Top reasons people end up in financial difficulty

Top reasons people end up in financial difficulty

June 1st 2014 11:16 am

finance

Money complications can affect anyone. We take a look into the main reasons for getting into debt and provide strategies to prevent falling into a trap.

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Some people always find a way to find schadenfreude, or joy from others misfortune, and witnessing the breakdown of a person's or families finances will lead to these very people claiming that irresponsible spending created the wallet-ache - but how often is this actually the case?

People seldom begin by overspending compared to their take home pay, but many neglect the chances of their income reducing. It is often stated that people fall into the trap of feeling the chances of their circumstances changing being slim, however they are soon awakened to reality and the new age, where jobs don't last a lifetime. This applies greatly in the most cited cause for financial difficulty, reduced income. Here financial planning starts to make a great deal more sense.

If it is apparent that income will be depressed for more than a very short period of time, expenditure must be reduced to bring it into line with the new lower income. Where people hang on to old lifestyles, including superfluous possessions, it enhances the likelihood of falling into a debt trap.

In the current economy, the time taken to find new work after leaving employment can vary greatly depending upon demand and competition for the particular skill-set. If people adjust quickly to their proposed outlook they have a much better chance of surviving without ending up truly in trouble.

Creating a budget doesn't take a huge amount of time, or thought really – Walleto.co.uk provides a budget planner to precisely take neither! Once armed with an overview of where money is escaping to at the end of every month, areas for adjustments can be identified.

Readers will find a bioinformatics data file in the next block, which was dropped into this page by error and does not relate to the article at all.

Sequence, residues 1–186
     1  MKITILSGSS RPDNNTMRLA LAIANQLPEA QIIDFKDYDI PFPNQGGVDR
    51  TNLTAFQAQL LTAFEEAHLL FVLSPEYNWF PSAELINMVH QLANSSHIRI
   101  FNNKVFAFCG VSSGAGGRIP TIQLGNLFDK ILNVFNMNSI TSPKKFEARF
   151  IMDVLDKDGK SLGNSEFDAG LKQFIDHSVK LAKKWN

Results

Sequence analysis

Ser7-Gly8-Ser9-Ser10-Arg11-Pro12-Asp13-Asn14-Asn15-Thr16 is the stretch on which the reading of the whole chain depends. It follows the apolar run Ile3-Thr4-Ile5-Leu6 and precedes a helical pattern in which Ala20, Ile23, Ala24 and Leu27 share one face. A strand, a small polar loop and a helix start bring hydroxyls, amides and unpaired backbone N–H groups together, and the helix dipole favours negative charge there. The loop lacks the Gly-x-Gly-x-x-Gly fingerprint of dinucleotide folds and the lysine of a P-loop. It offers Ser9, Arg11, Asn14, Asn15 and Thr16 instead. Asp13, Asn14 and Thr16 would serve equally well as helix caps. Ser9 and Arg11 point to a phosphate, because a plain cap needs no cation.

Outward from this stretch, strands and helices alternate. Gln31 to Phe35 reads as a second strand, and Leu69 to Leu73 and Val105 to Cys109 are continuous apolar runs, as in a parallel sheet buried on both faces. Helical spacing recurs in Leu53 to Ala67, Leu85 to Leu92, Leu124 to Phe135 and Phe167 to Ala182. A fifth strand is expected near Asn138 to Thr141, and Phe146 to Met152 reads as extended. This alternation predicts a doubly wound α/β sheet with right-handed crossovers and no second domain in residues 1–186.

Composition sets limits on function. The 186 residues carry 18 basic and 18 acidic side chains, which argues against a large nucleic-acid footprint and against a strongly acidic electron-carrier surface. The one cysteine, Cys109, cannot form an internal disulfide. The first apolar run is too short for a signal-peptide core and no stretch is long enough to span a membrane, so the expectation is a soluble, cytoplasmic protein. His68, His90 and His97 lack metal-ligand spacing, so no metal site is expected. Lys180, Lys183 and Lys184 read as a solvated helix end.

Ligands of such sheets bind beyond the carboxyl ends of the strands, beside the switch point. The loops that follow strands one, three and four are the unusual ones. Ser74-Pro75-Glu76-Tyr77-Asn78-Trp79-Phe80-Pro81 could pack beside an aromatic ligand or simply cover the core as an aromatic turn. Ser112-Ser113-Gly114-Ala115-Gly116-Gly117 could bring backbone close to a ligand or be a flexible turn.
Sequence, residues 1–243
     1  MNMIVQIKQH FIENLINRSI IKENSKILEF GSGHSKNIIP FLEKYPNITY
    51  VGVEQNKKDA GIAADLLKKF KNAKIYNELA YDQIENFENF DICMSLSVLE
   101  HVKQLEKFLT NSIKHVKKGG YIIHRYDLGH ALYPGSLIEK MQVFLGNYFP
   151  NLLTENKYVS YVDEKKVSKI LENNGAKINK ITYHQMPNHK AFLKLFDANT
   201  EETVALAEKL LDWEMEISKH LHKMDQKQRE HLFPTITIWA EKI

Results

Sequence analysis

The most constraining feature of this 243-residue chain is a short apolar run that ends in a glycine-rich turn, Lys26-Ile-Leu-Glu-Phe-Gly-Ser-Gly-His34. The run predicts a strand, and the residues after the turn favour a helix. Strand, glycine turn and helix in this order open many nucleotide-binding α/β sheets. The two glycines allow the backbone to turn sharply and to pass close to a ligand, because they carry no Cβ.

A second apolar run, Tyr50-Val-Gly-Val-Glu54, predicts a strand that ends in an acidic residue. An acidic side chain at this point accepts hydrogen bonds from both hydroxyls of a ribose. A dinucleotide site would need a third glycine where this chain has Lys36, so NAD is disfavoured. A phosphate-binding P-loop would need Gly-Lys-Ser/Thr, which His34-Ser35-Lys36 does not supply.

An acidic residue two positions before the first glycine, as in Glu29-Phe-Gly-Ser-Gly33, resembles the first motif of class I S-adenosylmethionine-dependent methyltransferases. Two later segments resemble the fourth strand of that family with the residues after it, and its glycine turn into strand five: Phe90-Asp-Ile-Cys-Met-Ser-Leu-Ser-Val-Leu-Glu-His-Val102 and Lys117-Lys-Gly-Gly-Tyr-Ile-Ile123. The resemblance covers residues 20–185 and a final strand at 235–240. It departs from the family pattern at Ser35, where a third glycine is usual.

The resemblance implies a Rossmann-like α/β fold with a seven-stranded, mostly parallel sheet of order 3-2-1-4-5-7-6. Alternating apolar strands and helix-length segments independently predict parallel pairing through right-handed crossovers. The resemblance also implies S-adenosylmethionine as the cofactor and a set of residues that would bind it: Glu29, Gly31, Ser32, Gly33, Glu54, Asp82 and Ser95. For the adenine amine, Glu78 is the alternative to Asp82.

Another major cause of financial plight is the breakdown of a relationship, in particular divorce. Not only a terrible and compromised situation in and of itself, but one that will like cause expenditure of it's own. Legal costs, both accrued due to negotiation and division of assets, cause unplanned costs (the reality of the financial costs of divorce are rarely thought through). Compromises could lead to lifestyle changes where additional monthly expenditure is unavoidable, so whereas incomes are possibly reduced - expenses increase.

As expected, hubris makes an appearance in this list, so those annoying people may have had a point. The simple fact is that most people do not put enough aside from each payslip to create a rainy-day fund. The old adage was to always have at least three months worth of living costs stored in a savings account as quickly as possible and this still holds true. Financial stress will occur immediately in case of emergencies when there are no savings to call upon. The only resort at that point is to use some form of short term credit, such as a loan or credit card - and that's where the debt spiral can begin.

Wrapping up the overlords of monetary mayhem is a little known, but unfortunately common cause of financial problems. Gambling, whether it be a social flutter or damaging addiction, it can lead to terrific losses and many addicts tend to start to borrow when these mount up in a vain effort to 'win' back their money.

So, if avoiding getting into debt and leading a stress free financial life is a priority then the easy rules to abide by are:

  • make a budget
  • stick to the budget
  • put any surplus money into a savings account
  • constantly review the budget if any circumstances change
  • rinse and repeat!

Disclaimer

The 2012 - 2017 Budget proposals and other tax changes are summarised here and available at the UKTaxCalculators.co.uk blog.

The proposals could change before coming into force. The calculator and any associated information are intended to provide a loose overview and therefore include assumptions and estimates. It should not be used as a foundation for checking liability to tax or when deciding investment strategies.

Although we have tried very hard to provide accurate and current figures, there is no guarantee that this information is accurate as of the date it is received or that it will continue to be accurate. You should not act upon such information without first taking professional advice and going through your circumstances in detail.

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